What you can't argue, however, is that there is no better value at $5 million in the world (and I mean the whole, entire world) than J.R. Smith. He's easily the Knicks' second best scorer and, like it or not, he's come up big time and time again in late-game situations for NYK.

    Without Smith, the Knicks have absolutely no chance of getting out of the second round of the Eastern Conference, where many of the potential playoff teams (minus Boston) are getting better.

    • The Indiana Pacers are getting Danny Granger back next season.
    • The Chicago Bulls (hopefully) will see Derrick Rose next season.
    • The Brooklyn Nets hired Jason Kidd as head coach and showed promise in their first season as a team.

    The Knicks must retain their sixth man and more if they plan on advancing to the Conference Finals next season.

Convince Chris Copeland to Stay

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    Chris Copeland averaged 8.7 points in 15.4 minutes per game throughout the 2012-13 season. Now let's see if second-level high school math did us any justice.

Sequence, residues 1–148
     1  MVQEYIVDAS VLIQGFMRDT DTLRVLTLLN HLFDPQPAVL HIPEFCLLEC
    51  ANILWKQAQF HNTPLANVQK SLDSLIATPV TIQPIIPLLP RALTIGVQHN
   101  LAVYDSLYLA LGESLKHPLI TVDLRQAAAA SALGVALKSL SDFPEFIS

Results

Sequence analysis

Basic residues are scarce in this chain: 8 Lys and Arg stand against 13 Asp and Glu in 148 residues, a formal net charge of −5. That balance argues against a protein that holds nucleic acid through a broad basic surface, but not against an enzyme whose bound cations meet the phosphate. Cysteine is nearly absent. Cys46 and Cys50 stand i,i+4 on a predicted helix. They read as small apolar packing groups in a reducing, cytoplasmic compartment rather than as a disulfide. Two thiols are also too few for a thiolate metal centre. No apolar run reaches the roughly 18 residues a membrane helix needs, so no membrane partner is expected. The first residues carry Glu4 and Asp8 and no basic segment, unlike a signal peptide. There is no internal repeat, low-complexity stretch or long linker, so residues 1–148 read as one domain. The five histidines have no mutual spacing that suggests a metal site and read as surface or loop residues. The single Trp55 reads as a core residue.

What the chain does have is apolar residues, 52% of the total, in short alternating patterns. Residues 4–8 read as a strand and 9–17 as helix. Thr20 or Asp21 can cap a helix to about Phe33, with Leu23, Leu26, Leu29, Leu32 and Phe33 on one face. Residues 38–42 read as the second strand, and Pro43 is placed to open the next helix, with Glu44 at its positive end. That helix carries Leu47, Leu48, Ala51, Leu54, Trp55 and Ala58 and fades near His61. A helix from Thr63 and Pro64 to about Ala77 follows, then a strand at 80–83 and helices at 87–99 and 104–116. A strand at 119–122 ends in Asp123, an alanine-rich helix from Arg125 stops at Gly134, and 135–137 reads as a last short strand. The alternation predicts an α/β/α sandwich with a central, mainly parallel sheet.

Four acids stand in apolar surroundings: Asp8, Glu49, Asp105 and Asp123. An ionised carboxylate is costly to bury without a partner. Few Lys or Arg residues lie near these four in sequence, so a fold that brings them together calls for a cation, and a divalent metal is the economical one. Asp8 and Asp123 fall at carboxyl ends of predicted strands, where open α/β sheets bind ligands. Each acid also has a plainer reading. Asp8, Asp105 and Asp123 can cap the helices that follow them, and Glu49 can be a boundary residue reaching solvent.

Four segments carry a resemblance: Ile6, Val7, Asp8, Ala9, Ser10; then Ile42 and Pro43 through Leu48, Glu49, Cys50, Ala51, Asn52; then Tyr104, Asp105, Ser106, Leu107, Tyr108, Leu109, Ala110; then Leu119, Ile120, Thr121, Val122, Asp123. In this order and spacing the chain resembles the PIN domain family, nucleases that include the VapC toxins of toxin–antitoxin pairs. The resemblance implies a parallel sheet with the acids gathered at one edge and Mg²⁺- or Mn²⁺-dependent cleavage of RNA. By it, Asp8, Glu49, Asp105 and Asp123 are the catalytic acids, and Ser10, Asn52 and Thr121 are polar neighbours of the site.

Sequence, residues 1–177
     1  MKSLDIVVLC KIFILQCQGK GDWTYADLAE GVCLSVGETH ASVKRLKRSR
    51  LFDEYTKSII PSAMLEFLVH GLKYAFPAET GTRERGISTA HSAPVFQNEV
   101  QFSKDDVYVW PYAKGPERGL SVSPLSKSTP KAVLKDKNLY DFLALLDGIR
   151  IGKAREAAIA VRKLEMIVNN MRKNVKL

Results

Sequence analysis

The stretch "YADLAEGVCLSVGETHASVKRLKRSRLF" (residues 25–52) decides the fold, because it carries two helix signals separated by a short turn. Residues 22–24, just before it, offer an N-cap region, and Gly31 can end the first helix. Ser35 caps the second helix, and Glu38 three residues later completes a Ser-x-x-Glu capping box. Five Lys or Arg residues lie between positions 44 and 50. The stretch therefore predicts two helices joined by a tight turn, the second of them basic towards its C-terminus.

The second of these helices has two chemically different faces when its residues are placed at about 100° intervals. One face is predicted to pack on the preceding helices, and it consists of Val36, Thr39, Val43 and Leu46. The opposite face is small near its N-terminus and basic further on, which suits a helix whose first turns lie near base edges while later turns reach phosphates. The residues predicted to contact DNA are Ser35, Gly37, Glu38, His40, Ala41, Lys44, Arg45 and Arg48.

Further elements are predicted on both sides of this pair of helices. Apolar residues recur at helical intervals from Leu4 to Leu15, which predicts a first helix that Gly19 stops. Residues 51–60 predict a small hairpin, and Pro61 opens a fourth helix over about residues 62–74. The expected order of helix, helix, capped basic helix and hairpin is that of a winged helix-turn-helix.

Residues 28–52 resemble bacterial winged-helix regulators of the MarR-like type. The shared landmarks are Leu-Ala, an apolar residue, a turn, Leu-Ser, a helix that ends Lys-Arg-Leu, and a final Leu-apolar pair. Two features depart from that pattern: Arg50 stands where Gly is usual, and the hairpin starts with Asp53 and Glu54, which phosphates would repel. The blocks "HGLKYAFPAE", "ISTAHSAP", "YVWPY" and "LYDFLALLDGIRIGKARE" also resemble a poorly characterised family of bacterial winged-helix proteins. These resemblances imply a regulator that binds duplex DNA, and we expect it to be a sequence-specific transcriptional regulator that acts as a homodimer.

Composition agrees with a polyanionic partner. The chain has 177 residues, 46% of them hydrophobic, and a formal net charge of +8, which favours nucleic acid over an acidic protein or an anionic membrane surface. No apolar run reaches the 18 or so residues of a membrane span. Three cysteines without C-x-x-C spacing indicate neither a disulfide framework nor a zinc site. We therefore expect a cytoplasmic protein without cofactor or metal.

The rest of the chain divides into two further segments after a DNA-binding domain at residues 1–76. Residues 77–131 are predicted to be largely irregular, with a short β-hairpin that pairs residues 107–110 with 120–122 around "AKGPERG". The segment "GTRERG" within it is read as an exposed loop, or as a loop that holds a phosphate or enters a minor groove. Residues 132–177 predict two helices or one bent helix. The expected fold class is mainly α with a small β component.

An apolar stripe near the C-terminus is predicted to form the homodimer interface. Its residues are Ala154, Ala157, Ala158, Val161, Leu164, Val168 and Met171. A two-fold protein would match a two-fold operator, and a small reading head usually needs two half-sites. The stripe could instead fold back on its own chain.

48 minutes / 15.4 minutes = 3.12
    8.7 points per game x 3.12 = 27.14 points per 48 minutes

    That puts him at number 9, ahead of Jamal Crawford, in scoring per 48 minutes.

    Odds are there are going to be many teams across the league looking to sign Cope to a deal bigger than the $3.183 million Taxpayer's Mid-Level Exception that the Knicks can offer, but if Woody can sell him on being part of the big picture—possibly (and I truly mean POSSIBLY) an NBA Finals appearance—it would all be worth taking a smaller payday for.

2013 NBA Draft: The N.Y. Knicks Must Draft Smart with the 24th Overall Pick

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    "With the 24th pick in the 2013 NBA Draft, the New York Knicks select...," will be the words Commissioner David Stern will utter in the final draft of his illustrious career.

    Let's make it one to remember.

    With most of the talent likely off the board by pick 24, the New York Knicks must be smart and find a player that will be able to contribute immediately to the rotation. Even though they have a late pick, there are still a few prospects who can contribute right away: